A member of the Dutch government is calling for an international boycott of the opening ceremony of the Beijing Olympics in protest at China's human rights record.
| Human rights groups say Beijing pressed to |
use its influence over Sudan [GALLO/GETTY]
Joel Voordewind, a member of the Christian Union that is a junior partner of the ruling Dutch coalition government, said he wants governments around the world to support the boycott and lean on sponsors to use their financial clout with Beijing.
"It is possible to take part in the games but skip the party before hand,'' he said.
"Such a ceremony is only intended to glorify the host, China.''
Voordewind also suggested setting up a venue in Beijing during the games where visitors can discuss human rights.
He expected opposition from organisers, but said, "If the Chinese are against the plan, that means they are against human rights.''
Voordewind has only just begun enlisting world support. Neither the Dutch government nor the Olympic Committee have backed him.
Foreign Minister Maxime Verhagen said the government regularly brings up human rights issues at meetings with Chinese officials and has no plans to support a boycott of the games or the opening ceremony.
Despite the negative reactions at home, Voordewind still hopes for a mass movement before the Olympics open next August.
"The Americans waited a long time until they boycotted the (Moscow) games,'' he said of the U.S. boycott of the 1980 Olympics to protest Russia's invasion of Afghanistan.
Critics say China has for years mistreated Tibetans, jailed dissidents and journalists on questionable charges and should be doing more to push the government in Sudan, where China is a major buyer of oil, into bringing an end to violence in Darfur.
More than 200,000 people have died in the Sudanese province in a conflict between rebels and militias backed by government forces.
Last week, Hollywood director Steven Spielberg quit as an artistic adviser to Beijing, saying China was not doing enough to press Khartoum to end the conflict in Darfur.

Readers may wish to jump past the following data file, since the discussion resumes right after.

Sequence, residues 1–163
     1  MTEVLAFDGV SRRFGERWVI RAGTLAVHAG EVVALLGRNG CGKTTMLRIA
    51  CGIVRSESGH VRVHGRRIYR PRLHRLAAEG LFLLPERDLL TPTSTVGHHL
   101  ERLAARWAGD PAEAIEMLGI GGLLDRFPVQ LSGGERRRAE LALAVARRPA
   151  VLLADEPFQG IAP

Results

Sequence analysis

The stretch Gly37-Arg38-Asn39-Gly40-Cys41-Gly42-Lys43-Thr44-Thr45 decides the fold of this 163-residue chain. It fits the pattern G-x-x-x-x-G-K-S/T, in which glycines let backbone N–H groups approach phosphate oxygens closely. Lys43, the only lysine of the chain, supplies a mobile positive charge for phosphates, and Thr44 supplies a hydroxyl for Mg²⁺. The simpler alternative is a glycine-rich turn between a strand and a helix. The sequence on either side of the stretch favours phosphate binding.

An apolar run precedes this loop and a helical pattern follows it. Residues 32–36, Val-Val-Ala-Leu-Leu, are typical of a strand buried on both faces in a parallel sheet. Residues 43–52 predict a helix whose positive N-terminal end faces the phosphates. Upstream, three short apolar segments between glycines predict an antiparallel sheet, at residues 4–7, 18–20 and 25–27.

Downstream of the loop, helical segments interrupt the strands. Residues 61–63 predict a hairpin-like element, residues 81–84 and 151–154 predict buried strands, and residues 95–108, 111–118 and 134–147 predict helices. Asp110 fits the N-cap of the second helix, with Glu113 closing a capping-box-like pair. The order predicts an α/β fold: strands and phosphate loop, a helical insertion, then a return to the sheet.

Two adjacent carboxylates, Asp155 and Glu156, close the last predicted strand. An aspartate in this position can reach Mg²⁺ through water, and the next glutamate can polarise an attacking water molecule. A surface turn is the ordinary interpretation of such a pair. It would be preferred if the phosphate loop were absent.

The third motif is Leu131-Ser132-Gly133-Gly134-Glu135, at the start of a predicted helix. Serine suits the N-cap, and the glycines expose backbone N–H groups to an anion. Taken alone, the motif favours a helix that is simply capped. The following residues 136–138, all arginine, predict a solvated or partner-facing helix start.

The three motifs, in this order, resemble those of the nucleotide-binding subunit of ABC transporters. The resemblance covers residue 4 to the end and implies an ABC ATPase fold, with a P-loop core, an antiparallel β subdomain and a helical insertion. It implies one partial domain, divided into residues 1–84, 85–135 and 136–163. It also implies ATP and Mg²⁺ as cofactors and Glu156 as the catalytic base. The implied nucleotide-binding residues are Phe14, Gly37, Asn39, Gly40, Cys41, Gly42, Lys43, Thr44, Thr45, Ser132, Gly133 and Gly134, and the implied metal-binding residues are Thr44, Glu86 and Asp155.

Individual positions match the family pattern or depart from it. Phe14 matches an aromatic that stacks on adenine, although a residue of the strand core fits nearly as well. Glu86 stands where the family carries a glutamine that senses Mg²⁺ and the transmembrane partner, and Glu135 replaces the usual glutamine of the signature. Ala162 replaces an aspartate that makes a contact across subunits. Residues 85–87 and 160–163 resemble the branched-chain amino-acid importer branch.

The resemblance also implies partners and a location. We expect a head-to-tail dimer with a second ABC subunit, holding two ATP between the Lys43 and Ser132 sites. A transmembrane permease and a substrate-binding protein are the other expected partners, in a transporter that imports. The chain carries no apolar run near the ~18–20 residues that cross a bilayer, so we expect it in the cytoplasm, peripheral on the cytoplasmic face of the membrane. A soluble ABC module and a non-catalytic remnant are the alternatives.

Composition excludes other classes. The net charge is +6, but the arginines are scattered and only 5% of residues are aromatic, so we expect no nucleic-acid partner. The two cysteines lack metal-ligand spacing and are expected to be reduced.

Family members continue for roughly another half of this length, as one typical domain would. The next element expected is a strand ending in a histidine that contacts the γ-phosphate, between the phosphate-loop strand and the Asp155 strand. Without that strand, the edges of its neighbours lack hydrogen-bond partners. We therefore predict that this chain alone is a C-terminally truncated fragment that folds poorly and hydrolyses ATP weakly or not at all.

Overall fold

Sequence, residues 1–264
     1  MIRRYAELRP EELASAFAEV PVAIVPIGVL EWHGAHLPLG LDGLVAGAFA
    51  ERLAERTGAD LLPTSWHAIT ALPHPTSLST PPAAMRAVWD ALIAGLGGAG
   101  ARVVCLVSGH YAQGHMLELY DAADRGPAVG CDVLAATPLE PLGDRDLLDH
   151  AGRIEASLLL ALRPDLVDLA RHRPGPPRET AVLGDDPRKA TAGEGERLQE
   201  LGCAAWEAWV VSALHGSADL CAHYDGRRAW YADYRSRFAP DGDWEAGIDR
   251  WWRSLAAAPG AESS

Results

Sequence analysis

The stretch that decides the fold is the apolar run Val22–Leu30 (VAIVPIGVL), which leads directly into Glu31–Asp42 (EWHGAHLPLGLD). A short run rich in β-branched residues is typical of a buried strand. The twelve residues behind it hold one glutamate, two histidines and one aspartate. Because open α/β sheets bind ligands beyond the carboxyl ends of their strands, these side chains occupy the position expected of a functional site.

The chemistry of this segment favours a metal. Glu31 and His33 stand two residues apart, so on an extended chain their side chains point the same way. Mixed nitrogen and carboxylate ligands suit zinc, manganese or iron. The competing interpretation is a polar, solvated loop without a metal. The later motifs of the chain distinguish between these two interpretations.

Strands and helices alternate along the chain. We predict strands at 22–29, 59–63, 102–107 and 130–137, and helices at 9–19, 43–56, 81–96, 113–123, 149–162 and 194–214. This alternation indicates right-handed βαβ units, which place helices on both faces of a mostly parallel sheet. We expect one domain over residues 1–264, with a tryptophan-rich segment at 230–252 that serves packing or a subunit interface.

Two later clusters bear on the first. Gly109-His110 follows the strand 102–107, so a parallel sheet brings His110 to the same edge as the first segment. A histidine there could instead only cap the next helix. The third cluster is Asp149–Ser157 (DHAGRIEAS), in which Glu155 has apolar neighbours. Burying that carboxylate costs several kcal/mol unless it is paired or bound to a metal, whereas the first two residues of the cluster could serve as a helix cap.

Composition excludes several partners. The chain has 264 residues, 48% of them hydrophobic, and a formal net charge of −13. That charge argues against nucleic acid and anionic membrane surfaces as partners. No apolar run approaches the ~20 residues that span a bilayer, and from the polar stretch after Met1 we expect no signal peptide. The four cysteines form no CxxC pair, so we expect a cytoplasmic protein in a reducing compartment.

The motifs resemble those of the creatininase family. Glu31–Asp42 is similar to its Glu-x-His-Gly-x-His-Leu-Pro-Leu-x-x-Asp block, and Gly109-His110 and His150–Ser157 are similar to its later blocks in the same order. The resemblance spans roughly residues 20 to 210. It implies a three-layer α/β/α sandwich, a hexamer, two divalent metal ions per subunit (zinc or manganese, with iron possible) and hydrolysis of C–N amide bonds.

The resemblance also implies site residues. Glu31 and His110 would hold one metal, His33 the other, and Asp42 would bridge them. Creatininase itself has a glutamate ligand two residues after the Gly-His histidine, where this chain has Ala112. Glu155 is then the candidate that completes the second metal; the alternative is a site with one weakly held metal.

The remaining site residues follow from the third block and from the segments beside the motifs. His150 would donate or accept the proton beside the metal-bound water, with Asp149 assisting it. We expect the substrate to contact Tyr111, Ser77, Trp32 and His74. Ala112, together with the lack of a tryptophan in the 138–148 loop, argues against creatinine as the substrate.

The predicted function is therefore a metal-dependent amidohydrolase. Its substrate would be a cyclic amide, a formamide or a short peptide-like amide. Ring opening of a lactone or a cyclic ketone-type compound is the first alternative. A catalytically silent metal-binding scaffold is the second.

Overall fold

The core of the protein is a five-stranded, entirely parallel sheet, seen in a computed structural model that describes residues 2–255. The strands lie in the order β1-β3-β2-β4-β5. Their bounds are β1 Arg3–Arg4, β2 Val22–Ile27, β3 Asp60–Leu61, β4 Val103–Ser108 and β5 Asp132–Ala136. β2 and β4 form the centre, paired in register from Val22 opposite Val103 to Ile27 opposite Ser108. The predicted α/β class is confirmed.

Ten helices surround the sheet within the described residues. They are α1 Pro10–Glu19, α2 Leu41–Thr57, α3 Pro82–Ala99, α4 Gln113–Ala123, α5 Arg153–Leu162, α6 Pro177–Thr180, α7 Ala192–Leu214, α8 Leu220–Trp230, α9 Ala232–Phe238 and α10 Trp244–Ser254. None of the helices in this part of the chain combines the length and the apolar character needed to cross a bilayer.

Spielberg quit as artistic advisor to the Beijing
Olympics ceremonies [GALLO/GETTY]
"I hold much respect for Spielberg's decision and if an athlete doesn't want to go, I'll respect that, too. But the games will be a success, without a doubt,'' IOC president Jacques Rogge said in an interview published in Spanish sports daily Marca.
"The games are stronger than any one person.''
Nobel laureates and former Olympic gold medalists added their voices on China's role in the humanitarian crisis by issuing an open letter.
Prince Charles, the heir to the British throne, has said he will skip the Olympics, a move being linked to his support of Tibet's spiritual leader the Dalai Lama, who has been living in exile since an uprising against Chinese rule in 1959.
But Rogge has argued that even the boycott of the 1980 Moscow Games did not ruin the event.
"The most powerful man in the world, the most influential (then-U.S. President Jimmy Carter) ordered a boycott and the games were still a success,'' Rogge said.
Rogge expects many heads of state; including U.S. President George W. Bush, German Chancellor Angela Merkel and French President Nicolas Sarkozy, to attend the opening ceremony.
"All of the heads of state have said 'We will be present' and are not in favour of a boycott. Neither are the athletes,'' Rogge said.
"I think boycotts are a thing of the past, not of the present nor the future.''
Rogge reasserted that the International Olympic Committee would not tolerate athletes mixing politics with sport, especially on the podium.
"We don't want this to turn into a political demonstration. This is sport,'' he said.
The Beijing Olympics will run from August 8-24.